Fearing more rolling blackouts in California as green energy supplies fall short, state lawmakers have agreed to spend $1.4 billion to keep the state’s last functioning nuclear power plant running.
The extension will allow Pacific Gas & Electric (PG&E), operator of the San Luis Obispo plant, to continue operating until 2030. The company agreed six years ago to shutter the plant amid pressure from environmental groups and the local community.
The legislation also authorizes a forgivable loan of $1.4 billion by the state to PG&E for the plant’s extended operations.
A PG&E spokesperson told The Epoch Times the company remains committed to the state’s clean energy plans while operating the plant safely.
“PG&E is committed to California’s clean energy future,” PG&E spokeswoman Suzanne Hosn said. “We remain focused on continuing to provide reliable, low-cost, carbon-free energy to the people of California, while safely operating one of the top performing plants in the country.”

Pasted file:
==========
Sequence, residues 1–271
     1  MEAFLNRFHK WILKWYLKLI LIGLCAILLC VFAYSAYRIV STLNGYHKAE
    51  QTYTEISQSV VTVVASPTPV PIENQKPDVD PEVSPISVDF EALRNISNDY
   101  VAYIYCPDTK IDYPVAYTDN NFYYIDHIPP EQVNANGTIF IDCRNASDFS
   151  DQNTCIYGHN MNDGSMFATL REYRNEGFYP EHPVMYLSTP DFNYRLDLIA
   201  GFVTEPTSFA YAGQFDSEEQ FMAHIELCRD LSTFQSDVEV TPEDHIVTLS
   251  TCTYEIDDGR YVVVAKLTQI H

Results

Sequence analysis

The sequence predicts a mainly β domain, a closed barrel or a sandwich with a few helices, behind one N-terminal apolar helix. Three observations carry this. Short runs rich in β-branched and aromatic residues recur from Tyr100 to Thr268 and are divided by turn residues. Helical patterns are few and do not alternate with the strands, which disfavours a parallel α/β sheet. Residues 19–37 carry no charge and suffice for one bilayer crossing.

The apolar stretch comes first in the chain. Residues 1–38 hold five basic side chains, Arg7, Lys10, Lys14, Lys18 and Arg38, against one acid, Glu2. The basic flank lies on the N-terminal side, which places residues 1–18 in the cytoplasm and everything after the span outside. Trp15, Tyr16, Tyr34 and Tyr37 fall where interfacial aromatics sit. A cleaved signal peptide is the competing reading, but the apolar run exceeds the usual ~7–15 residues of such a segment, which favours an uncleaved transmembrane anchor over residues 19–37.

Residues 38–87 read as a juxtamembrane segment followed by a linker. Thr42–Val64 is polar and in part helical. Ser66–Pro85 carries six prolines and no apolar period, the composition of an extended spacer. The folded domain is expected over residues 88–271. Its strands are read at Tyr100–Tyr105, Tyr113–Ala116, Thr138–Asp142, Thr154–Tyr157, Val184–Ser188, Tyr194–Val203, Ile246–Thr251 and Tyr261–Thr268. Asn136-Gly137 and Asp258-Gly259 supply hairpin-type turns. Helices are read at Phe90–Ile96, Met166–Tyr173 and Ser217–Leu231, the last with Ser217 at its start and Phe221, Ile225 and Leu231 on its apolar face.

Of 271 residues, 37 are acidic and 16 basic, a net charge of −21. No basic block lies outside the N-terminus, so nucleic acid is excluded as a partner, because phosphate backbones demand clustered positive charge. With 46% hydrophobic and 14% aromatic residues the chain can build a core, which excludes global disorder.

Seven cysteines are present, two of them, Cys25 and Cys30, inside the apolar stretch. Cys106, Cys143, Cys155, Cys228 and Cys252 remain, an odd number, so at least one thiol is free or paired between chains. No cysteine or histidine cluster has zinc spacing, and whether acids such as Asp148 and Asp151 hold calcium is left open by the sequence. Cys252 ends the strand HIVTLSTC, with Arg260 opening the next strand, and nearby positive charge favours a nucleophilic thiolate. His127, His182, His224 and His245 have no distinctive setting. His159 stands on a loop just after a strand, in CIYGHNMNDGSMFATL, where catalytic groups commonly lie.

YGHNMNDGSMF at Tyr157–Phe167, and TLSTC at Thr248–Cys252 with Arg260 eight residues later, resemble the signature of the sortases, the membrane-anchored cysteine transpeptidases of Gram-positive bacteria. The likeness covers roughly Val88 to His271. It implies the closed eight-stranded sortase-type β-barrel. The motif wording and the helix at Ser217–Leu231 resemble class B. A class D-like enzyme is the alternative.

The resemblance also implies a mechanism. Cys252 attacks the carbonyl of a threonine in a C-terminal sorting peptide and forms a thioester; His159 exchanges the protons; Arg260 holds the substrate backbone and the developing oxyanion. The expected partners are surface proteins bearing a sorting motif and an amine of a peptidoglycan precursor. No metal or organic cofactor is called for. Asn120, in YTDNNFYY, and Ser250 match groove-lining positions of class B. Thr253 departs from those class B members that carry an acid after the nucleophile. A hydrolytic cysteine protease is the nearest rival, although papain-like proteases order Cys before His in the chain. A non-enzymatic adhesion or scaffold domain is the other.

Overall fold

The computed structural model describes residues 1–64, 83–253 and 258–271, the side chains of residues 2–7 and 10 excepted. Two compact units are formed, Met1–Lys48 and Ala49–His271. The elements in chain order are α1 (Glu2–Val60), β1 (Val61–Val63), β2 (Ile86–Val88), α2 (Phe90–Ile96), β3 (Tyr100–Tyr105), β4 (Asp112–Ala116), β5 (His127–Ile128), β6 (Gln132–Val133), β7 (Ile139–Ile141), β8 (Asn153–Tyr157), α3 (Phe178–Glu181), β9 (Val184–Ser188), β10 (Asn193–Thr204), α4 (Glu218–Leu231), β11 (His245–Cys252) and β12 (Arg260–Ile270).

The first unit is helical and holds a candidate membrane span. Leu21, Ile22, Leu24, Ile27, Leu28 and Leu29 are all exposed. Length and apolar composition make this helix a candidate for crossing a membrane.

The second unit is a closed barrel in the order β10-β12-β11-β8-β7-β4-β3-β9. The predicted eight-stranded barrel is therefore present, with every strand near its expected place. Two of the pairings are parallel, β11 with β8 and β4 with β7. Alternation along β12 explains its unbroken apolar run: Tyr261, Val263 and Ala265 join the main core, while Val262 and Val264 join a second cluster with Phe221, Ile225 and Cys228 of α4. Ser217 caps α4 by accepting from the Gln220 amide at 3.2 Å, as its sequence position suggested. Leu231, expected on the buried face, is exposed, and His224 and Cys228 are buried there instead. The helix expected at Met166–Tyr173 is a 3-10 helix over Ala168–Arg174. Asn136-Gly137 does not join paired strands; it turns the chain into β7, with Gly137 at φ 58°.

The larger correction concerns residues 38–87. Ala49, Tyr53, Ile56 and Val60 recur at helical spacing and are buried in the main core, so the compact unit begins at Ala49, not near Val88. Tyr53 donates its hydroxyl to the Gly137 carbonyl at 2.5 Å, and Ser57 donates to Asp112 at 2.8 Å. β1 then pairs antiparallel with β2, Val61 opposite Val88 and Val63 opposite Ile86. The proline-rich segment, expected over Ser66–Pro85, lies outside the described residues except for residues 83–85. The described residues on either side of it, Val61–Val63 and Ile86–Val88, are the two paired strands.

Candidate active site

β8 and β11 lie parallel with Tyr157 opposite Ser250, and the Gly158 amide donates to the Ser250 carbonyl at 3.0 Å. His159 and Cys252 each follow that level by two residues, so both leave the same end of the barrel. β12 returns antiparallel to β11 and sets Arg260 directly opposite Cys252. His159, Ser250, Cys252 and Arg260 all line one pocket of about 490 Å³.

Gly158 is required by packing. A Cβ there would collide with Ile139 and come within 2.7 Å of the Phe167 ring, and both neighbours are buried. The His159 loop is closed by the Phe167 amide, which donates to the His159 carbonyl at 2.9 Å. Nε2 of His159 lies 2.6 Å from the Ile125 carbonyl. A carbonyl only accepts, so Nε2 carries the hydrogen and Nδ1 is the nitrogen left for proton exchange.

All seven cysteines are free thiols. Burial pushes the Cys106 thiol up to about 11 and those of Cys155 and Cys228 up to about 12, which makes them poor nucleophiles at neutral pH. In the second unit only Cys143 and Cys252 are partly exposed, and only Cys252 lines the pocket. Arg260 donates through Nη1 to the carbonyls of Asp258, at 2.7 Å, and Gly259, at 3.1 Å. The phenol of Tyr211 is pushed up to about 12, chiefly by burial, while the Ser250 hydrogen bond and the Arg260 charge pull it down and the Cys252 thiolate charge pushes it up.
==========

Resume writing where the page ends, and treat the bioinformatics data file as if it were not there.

The decision to extend nuclear power resources comes as California faces a prolonged heat wave during Labor Day weekend. Newsom declared a state of emergency Aug. 31, asking residents to conserve energy.
Several environmental groups opposed the measure, including Environment California, Friends of the Earth, and the Natural Resources Defense Council.
Mothers for Peace, a San Luis Obispo-based anti-nuclear group, commented after the measure’s approval, vowing to continue the fight to close the plant by 2025.
Although the legislation earned overwhelming bipartisan approval in both houses of the Legislature, some lawmakers shared concerns.
The senator voiced concerns about safety, cost to taxpayers, waste disposal of spent nuclear fuel, seismic activity analysis in the area, aging cooling technology at the plant, permitting, and land conservation.
Sen. Brian Dahle (R-Redding), who is running against Newsom for governor this year, told PG&E during a Senate Oversight hearing the state is already in “crisis” mode because of the pending shutdown of the nuclear plant.
Newsom has until the end of September to approve the legislation.